“It’s all dictated by state law,” Lathen said. “We have authority over budget in its entirety, but the board does not have power over individual line items in the other elect-ed offices. Those elected officials who are overseeing those offices have autonomy over those budgets.”
  
  The other elected officials with the same autonomy include the assessor, clerk and recorder, coroner, sheriff, surveyor treasurer, according to the County Government Snapshot, published by CCI. The district attorney covers multiple counties, so the counties in that court district share the budget set by the state, Lathen said.
  
  In addition to the overall county budget, the county commissioners have authority over land-use regulations and policies and procedures for county employees, except for sworn law enforcement officers in the sheriff’s office. While the board does not have day-to-day control over separate departments such as El Paso County Public Health, the members of the Board of Health are appointed by the commissioners. Commissioners Lathen and Sallie Clark also serve on the Board of Health.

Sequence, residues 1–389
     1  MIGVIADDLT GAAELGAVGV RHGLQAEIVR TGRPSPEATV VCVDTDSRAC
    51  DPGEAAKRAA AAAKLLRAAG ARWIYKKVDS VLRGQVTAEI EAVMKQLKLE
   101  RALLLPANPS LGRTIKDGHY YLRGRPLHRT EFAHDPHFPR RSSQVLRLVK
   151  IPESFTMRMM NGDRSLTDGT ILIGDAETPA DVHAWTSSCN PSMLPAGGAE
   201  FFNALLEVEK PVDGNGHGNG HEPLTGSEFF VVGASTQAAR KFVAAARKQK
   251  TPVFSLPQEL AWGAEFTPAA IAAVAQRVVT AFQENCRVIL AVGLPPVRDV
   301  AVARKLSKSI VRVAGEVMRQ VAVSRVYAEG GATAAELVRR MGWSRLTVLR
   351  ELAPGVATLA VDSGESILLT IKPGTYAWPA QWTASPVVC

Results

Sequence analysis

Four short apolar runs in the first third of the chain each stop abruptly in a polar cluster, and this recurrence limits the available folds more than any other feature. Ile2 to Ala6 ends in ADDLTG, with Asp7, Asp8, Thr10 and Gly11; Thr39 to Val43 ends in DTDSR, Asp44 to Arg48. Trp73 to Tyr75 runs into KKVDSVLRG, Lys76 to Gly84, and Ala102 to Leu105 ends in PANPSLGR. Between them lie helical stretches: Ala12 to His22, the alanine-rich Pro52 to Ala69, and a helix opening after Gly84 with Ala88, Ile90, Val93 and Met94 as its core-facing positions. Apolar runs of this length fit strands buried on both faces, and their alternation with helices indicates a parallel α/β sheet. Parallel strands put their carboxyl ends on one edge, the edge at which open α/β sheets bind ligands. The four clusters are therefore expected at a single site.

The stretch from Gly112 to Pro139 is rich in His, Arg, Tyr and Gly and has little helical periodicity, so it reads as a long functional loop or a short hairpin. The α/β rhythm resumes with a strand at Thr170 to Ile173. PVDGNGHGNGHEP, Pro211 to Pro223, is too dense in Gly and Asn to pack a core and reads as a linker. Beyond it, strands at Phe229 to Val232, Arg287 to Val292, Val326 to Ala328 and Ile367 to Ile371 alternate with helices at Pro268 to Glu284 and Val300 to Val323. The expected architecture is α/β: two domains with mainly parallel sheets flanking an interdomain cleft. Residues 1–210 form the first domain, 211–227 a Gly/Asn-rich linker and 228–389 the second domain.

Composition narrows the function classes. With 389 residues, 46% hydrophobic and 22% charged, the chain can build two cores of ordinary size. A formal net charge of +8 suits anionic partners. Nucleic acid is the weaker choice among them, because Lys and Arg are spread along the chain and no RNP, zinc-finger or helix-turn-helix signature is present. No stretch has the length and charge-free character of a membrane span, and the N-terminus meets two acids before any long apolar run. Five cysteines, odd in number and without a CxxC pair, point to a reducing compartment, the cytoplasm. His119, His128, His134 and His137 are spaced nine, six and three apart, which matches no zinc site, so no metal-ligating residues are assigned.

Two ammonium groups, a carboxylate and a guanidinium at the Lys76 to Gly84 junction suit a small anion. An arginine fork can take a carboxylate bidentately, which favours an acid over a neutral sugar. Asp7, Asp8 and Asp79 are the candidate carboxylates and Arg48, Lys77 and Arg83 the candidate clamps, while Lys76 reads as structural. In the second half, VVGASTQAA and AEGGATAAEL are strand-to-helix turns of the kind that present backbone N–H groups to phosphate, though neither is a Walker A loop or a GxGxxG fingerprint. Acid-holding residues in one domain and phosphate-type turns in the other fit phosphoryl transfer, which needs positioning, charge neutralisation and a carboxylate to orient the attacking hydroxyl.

The popular notion that the commissioners control every aspect of county government sometimes creates friction between the commissioners and their constituents, Lathen said. “The notion that we have oversight over other elected offices is a frustration and has been since I came into office,” Lathen said. “If someone has a grievance with the clerk and recorder’s office and they call us, that’s frustrating for the caller. We don’t have any authority over the constitutionally elected officers, and that has been a constant source of clarification.”